ways of expression

I watched the news on CNN and saw a report about the effectivity of wearing face masks in the fight against the Covid-2 virus. Prof. Renyi Zhang at Texas A&M University has studied the effectiveness of various measures against the spread of the pandemic in Wuhan, China, then Italy and New York. He found, that of all measures (like washing hands, desinfecting surfaces, lock-downs, etc.), wearing face masks is apparently the most effective way to supress the spread of the virus.

In the report, the anchor man asked, why it then is, that so many (in this case) Americans object wearing a mask. There was no straight-forward answer, other than: Asians are more used to wear a mask in public. It is a sign of politness toward others, to keep your germs to yourself. Which it is, I suppose.

But it is also a pain in the neck, really. Here in Germany, we have to wear masks in shops, public transport and generally in crowded spaces indoors, where it is impossible, to keep distance.

I hate shopping, because after ten minutes, I have a slight feeling of suffocating. After half an hour, I get a migrane. I am really happy, I don’t have to wear a mask at work. As opposed to our staff in the restaurant. The poor girls and boys in the kitchen and service having to be with it all day. The first couple of days, they really struggled. But as with everything – they seem to get used to it. We will see, how this turns out, as soon as temperatures start to rise to summer levels.

Anyways, I would hate having to wear a mask all day. Not only for the discomfort. I also find, that I don’t look at people anymore, whenever I wear the mask. I mostly look at the floor. Why, beats me. It is something revolting and unusual to cover ones face. And also, to meet folks, who wear masks. Mind you: I do wear it, whenever I visit any of the described places. But I hate it.

So, after watching the interview with Prof. Zhang, I started to think, why this might be the case. I think, there is a general difference in Asian and Western culture in using ones face (and body) to communicate. Whereas most of the Asian folks I know (and there are quite a lot, as many of our members at the golf club are of Asian origin), are very reserved, when it comes to facial expressions. Or talking with their “hands and feet”. As is a German expression for overuse of gestures or trying to make oneself understood without knowing the lingo or the right wording. I find, that it seems socially agreeable for Asians, to keep their emotions mostly to themselves. Whereas we find it agreeable, to meet an open, “talking” face (as long as it doesn’t stare me down in hatred – but even then I’d prefer it to no expression – at least I’d know what to expect).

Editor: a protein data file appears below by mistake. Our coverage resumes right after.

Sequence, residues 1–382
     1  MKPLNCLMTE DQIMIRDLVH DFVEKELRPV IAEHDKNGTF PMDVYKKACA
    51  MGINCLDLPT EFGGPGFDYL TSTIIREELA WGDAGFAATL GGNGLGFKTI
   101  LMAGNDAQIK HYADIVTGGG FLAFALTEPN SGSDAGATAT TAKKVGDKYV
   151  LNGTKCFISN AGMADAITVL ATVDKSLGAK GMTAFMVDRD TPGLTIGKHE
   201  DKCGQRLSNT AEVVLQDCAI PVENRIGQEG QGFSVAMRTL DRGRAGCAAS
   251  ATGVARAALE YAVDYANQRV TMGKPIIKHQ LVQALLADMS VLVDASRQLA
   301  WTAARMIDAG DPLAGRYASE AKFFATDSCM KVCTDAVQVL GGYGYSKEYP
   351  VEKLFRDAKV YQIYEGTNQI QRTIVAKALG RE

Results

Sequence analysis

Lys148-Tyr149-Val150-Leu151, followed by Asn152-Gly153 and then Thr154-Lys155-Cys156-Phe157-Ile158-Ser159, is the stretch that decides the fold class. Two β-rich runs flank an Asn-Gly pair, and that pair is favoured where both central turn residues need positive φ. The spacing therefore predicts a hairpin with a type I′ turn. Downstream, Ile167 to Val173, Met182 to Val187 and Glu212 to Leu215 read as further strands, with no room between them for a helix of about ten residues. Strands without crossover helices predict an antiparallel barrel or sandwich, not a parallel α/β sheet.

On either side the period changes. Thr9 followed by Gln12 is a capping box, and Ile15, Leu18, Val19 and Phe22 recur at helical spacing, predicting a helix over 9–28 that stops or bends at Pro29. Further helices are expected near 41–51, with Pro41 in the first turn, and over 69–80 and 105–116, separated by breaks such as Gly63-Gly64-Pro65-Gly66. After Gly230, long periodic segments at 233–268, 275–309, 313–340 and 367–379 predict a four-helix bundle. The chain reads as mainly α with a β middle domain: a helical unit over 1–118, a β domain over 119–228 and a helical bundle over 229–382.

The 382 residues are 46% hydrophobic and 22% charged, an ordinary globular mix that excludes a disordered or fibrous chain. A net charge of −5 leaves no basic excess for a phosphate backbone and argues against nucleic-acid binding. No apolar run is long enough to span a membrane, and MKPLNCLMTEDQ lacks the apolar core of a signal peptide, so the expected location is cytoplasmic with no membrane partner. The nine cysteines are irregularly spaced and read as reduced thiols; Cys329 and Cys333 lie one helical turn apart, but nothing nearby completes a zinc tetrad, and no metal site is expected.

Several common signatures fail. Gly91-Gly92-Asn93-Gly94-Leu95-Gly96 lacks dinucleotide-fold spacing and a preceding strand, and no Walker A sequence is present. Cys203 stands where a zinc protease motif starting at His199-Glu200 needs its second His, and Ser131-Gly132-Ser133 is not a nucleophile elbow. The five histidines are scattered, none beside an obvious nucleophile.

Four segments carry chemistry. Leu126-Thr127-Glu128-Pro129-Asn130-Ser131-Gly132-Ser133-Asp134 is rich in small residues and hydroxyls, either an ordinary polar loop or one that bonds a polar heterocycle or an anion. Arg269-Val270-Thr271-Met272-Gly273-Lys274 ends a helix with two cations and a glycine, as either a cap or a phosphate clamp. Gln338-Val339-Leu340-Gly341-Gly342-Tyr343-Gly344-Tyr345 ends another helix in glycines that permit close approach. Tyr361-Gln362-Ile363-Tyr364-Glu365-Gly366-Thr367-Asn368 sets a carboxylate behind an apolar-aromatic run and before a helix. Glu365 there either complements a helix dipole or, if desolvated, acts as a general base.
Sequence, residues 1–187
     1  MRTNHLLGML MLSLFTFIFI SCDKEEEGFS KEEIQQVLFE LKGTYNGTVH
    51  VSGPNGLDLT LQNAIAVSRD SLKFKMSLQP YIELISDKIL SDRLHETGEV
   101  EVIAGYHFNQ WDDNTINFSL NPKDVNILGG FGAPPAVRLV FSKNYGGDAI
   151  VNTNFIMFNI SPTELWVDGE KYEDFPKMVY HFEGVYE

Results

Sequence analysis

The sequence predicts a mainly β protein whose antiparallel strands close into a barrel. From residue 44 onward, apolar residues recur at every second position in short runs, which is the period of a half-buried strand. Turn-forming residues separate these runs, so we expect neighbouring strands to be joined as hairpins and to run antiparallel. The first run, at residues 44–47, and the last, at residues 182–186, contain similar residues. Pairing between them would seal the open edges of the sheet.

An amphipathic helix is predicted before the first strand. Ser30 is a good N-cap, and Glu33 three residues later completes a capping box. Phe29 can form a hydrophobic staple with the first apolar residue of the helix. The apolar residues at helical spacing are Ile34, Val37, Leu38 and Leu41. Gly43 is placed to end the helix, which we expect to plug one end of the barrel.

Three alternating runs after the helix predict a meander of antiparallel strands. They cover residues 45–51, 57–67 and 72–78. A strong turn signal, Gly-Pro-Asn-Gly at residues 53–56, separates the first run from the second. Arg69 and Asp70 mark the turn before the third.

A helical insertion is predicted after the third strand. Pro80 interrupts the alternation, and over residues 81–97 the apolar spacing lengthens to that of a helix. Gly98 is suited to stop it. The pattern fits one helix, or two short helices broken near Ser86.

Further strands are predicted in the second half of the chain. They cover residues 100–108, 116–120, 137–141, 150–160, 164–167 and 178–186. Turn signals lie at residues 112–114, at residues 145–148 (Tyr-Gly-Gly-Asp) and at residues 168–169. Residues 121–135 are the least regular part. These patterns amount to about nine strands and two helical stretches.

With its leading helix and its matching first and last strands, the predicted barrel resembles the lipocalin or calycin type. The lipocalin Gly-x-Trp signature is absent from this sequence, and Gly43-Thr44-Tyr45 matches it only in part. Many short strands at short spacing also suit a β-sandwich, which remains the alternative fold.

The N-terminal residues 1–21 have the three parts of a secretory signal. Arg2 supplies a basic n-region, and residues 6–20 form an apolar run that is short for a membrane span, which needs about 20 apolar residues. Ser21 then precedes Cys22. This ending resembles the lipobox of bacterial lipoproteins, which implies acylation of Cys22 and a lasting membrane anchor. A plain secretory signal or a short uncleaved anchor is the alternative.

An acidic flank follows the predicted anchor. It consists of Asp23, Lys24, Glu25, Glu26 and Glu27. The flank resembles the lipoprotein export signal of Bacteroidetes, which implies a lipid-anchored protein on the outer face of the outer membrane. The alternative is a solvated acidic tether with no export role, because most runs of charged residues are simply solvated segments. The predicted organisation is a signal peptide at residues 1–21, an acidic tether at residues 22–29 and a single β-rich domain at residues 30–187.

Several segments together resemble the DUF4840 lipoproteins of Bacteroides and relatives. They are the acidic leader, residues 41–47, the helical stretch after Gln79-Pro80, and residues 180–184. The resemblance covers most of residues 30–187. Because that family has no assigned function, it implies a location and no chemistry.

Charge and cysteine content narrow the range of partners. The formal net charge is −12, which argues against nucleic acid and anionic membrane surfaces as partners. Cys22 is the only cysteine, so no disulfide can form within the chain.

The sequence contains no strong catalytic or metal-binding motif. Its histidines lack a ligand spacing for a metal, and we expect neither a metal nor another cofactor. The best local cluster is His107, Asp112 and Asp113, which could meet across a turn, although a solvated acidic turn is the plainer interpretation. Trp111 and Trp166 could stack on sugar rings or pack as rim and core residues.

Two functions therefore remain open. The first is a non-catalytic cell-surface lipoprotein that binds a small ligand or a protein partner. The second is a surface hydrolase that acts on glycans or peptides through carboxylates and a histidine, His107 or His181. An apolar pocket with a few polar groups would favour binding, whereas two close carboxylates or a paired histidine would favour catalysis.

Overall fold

I am not sure, whether I am in any way right about this. And also, maybe these times are not the best to discuss differences in societies. But I still think, I might have a point. At least it would explain, why I detest wearing a mask. And my Asian friends don’t seem to mind wearing them at all. I will ask a few on their thoughts on this and let you know….

2 thoughts on “ways of expression

  1. Perhaps there is a cultural component to it. But it was common for people in Beijing and other industrialized Chinese cities to wear a mask before the pandemic began (to protect themselves from smog/pollution). I wear my mask like a good little citizen but interactions seem less friendly. At the grocery, I shop as fast as I can, avoid others, and talk as little as possible. I’m hearing impaired and masks make things difficult. Voices are muffled and there are no lips to read to verify if I got it right. We had a socially-distanced b-day party for my husband’s grandma. It was awkward, five of us parked on lawn chairs in opposite corners of the patio, wilting in the heat, wearing masks, and screaming to make ourselves heard (grandma, MIL, and I are hearing impaired). Kind of takes the fun out of it…

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    1. Same here. Even with allright hearing, it is a lot harder to understand folks with masks. Must be next to impossible with a handicap.


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